Complete the following objectives:
Understand and use arithmetic/ALU instructions.
Manipulate and handle large (> 8 bits) numbers.
Create and handle functions and subroutines.
Verify the correctness of large number arithmetic functions via simulation.
To complete this prelab, you may nd it useful to look at the AVR Starter Guide and the AVR Instruction Set Manual. If you consult any online sources to help answer the prelab questions, you must list them as references in your prelab.
For this lab, you will be asked to perform arithmetic operations on numbers that are larger than 8 bits. To be successful at this, you will need to un-derstand and utilize many of the various arithmetic operations supported by the AVR 8-bit instruction set. List and describe all of the addition, subtrac-tion, and multiplication instructions (i.e. ADC, SUBI, FMUL, etc.) available in AVR’s 8-bit instruction set.
Write pseudocode for an 8-bit AVR function that will take two 16-bit num-bers (from data memory addresses $0111:$0110 and $0121:$0120), add them together, and then store the 16-bit result (in data memory addresses $0101:$0100). (Note: The syntax \$0111:$0110″ is meant to specify that the function will expect little-endian data, where the highest byte of a multi-byte value is stored in the highest address of its range of addresses.)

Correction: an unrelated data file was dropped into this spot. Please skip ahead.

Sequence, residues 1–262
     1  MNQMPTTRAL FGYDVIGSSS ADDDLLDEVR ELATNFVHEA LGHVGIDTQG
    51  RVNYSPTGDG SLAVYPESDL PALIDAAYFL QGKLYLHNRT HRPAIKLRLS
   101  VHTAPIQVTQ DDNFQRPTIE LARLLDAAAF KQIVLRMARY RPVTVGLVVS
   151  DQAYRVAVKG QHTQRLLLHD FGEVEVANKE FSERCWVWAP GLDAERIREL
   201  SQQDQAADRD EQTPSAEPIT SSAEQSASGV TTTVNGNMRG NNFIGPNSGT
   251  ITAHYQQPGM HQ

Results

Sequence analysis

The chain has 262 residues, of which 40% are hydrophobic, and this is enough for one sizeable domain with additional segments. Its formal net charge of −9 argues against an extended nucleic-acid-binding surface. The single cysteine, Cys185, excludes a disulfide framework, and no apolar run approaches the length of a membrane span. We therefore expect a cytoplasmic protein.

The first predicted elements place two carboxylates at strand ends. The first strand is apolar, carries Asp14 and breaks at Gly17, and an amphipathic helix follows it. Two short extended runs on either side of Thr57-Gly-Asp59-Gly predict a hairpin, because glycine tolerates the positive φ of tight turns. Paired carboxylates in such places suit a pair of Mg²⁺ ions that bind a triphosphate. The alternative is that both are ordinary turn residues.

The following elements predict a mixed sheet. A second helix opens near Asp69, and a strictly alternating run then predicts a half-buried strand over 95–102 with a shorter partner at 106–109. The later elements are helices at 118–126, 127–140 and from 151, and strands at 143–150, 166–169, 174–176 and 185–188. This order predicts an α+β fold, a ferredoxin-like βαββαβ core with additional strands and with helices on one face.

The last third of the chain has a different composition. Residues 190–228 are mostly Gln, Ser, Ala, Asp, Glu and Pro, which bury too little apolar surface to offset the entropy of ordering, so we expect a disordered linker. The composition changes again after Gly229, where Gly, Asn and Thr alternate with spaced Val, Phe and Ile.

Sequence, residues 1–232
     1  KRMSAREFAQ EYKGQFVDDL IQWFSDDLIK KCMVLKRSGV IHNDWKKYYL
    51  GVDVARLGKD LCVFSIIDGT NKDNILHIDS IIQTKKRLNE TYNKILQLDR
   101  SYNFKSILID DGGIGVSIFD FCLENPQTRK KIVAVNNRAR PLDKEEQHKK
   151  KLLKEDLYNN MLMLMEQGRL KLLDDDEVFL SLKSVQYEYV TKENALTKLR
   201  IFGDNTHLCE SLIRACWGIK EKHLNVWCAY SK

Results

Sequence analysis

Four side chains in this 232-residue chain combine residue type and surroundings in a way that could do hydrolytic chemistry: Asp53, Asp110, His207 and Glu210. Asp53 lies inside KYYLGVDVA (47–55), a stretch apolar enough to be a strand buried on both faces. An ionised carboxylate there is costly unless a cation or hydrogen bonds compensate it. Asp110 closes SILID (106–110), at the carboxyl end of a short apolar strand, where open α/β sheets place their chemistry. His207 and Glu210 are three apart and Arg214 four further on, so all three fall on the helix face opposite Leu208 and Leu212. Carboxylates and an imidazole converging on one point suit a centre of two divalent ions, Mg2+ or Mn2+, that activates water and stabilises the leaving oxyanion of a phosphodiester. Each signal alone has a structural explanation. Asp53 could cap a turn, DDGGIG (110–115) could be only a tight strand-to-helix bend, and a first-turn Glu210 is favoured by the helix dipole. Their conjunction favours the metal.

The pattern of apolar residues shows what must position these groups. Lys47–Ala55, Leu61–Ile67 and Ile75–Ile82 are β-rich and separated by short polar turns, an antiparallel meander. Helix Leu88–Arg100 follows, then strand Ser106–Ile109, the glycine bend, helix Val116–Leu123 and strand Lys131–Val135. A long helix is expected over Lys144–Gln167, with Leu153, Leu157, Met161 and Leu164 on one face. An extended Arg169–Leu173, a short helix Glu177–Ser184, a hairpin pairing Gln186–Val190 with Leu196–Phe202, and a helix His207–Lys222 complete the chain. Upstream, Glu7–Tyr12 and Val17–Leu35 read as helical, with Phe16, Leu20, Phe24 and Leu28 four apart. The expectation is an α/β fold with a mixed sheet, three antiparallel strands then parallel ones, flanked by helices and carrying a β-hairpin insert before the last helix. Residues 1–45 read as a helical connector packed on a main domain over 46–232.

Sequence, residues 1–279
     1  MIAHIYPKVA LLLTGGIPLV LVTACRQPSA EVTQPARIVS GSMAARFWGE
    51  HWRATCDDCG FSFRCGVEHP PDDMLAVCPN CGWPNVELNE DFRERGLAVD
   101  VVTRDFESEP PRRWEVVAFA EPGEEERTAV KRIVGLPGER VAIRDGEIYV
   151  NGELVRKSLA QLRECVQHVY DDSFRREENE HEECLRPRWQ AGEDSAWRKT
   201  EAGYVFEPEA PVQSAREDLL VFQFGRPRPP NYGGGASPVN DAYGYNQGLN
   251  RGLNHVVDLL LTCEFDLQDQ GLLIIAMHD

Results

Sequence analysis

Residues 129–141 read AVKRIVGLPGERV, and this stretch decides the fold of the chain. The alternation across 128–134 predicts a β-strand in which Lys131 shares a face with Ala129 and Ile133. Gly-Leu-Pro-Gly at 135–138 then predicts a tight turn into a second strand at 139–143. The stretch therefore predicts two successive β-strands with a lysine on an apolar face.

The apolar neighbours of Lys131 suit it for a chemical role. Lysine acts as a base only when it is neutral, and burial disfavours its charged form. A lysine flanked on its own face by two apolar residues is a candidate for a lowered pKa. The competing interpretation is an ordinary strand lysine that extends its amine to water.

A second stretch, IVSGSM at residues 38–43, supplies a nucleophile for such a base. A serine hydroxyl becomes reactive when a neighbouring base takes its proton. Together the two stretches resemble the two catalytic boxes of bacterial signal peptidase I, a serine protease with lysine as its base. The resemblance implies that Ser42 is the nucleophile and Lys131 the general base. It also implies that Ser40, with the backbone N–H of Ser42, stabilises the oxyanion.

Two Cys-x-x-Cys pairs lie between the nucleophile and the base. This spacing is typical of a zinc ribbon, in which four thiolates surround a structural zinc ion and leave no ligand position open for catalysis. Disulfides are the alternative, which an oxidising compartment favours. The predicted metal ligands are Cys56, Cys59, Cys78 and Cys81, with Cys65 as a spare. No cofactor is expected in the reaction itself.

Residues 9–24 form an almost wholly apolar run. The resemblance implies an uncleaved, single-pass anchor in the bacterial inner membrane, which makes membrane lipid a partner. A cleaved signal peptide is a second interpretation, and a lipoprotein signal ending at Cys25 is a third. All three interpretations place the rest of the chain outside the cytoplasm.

Write pseudocode for an 8-bit AVR function that will take the 16-bit number in $0111:$0110, subtract it from the 16-bit number in $0121:$0120, and then store the 16-bit result into $0101:$0100.
Arithmetic calculations like addition and subtraction are fundamental operations in many computer programs. Most programming languages support several dif-ferent data types that can be used to perform arithmetic calculations. As an 8-bit microcontroller, the ATmega128 primarily uses 8-bit registers and has sev-eral di erent instructions available to perform basic arithmetic operations on 8-bit values. Some examples of instructions that add or subtract 8-bit values contained in registers are:
ADD R0, R1
If we want to perform arithmetic operations on values that are too large to represent with only 8 bits, but still use the same 8-bit microcontroller for these large number operations, then we need to develop a procedure for manipulating multiple 8-bit registers to produce the correct result.